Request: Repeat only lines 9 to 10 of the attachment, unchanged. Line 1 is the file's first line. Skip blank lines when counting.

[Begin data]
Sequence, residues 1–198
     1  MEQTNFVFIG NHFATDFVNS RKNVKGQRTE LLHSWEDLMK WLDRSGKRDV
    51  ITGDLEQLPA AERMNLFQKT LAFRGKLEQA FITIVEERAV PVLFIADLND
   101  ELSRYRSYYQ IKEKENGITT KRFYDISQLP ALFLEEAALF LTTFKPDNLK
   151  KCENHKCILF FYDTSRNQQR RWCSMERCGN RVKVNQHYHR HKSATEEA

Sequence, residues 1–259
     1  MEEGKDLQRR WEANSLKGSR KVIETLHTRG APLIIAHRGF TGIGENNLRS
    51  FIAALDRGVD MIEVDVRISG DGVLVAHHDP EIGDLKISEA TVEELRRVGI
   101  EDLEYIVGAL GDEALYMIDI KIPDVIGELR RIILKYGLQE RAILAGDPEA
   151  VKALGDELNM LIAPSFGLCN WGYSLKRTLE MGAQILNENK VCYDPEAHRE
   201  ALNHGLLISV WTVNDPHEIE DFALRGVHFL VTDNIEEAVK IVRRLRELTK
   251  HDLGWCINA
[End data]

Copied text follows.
   101  EDLEYIVGAL GDEALYMIDI KIPDVIGELR RIILKYGLQE RAILAGDPEA
   151  VKALGDELNM LIAPSFGLCN WGYSLKRTLE MGAQILNENK VCYDPEAHRE